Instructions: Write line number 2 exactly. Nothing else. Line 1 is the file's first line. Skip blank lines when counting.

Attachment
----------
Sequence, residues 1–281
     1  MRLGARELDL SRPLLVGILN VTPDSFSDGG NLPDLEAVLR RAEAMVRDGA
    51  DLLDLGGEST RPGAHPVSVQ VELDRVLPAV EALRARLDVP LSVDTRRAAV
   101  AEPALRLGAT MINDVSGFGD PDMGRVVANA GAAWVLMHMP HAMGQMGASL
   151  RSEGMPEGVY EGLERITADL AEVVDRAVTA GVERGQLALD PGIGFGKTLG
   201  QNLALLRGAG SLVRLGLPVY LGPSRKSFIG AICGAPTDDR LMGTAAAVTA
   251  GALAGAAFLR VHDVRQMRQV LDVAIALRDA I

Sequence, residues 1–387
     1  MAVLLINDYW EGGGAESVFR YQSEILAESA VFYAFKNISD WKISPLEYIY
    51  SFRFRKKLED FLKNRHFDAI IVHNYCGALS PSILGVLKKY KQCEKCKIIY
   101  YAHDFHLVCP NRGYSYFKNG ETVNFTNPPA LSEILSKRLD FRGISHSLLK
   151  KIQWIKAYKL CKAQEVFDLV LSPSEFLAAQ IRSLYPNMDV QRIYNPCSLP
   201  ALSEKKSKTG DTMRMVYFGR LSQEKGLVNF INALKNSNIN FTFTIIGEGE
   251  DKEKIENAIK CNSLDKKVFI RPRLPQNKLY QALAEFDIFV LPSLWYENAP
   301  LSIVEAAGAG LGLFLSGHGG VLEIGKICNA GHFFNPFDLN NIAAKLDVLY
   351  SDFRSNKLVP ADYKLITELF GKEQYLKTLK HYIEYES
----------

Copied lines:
     1  MRLGARELDL SRPLLVGILN VTPDSFSDGG NLPDLEAVLR RAEAMVRDGA